Young adults in the region are struggling in the labour market; they are twice as likely to be unemployed than those aged 25 and over, a gap that has only widened since the turn of the century. This may be because their education is not equipping them with the right academic skills, but the problem may equally lie with non-academic aspects. Teenagers with clear and realistic expectations about their future careers, and the qualifications needed to attain them, have a better chance of making the right decisions about the type and level of attainment to aim for, and ultimately benefit in terms of pay and job satisfaction if their qualifications and occupation are well matched. However, many 15-year-olds in LAC countries are struggling to form clear career expectations, with those who do largely concentrating on a few, largely professional jobs. School career guidance is patchy across the region, with 15-year-olds less likely than those in the OECD to have had the chance to explore potential career options with employers, or gain valuable experience through part-time work, internships, or volunteering. Schools can help students form realistic plans for the future through engaging with employers to provide career guidance activities and building a culture of critical reflection. Girls and students from the most disadvantaged backgrounds would seem to have the most to gain from more effective career guidance based on international good practice.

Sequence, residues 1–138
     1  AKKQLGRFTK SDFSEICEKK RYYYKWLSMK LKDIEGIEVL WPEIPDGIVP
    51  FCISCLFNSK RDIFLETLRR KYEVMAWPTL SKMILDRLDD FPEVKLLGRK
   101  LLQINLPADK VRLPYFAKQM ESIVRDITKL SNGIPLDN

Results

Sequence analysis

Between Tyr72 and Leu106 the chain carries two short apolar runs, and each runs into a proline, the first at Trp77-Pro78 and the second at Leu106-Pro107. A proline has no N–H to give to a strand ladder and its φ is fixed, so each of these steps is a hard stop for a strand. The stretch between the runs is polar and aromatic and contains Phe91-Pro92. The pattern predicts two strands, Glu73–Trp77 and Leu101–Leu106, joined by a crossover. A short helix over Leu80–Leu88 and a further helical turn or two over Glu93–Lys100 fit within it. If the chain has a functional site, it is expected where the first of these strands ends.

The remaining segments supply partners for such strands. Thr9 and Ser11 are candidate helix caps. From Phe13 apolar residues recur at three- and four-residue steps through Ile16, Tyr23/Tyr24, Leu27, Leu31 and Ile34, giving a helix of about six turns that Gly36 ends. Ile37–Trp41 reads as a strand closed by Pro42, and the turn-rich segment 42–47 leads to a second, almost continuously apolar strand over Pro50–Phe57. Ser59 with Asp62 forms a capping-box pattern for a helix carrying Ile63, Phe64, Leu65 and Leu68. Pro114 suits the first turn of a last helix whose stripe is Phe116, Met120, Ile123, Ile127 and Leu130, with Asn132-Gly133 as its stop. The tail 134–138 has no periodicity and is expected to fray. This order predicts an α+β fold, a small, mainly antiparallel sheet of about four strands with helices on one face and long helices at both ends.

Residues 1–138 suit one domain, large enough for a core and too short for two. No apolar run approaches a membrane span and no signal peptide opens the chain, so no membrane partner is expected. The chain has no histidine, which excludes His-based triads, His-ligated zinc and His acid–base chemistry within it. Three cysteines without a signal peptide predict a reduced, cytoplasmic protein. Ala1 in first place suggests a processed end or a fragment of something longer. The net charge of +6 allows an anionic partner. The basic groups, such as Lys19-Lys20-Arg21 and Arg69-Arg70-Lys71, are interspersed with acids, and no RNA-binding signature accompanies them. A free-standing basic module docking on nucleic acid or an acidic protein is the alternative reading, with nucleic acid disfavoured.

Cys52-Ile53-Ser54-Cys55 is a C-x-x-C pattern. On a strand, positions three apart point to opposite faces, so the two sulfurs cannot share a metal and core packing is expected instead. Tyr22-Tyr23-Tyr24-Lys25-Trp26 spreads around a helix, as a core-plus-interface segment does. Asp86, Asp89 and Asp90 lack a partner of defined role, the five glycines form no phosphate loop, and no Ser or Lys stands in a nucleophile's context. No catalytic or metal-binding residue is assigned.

Although girls in Latin America outperform boys in reading in PISA, irrespective of their socio-economic status, this advantage does not translate into better labour-market outcomes. Although higher-skilled women at the top of the earnings distribution earn about the same as similarly skilled men in Latin America, women in the region generally enjoy lower returns to their literacy skills than their male peers. Family background – both socio-economic status and parental education – and expectations have an impact on skills development for girls and boys alike.

The choices made by young people at the start of their adult lives – whether to stay in education, and when to cohabit or start a family – can have a lifelong impact. Those with lower reading skills are more likely to move in with a partner and have children earlier, particularly among girls. In contrast, staying on in school longer is associated with delaying parenthood. Latin American countries have much higher teenage pregnancy rates than the OECD average, and this is especially the case for girls with lower reading skills. Women of all ages are also much more likely to be single parents than men, although the link with proficiency is less clear than in OECD countries. Supporting young women to stay in education and make sound choices in their transition to the labour market will help them achieve better outcomes for themselves and the next generation.

Low skill levels among adults in Latin America may be holding the region back economically. Countries in the region have fewer workers in high value-added sectors and skilled occupations. Adults with lower skills are less likely to work in the formal sector or in skilled jobs. Improving the skills of all workers will require greater investment in adult training, but currently the region lags behind the OECD in the provision of organised training activities. This is largely due to lower participation rates among informally employed workers and those in industries with low levels of research and development (R&D) intensity, both of which form a much larger share of the workforce than the OECD average.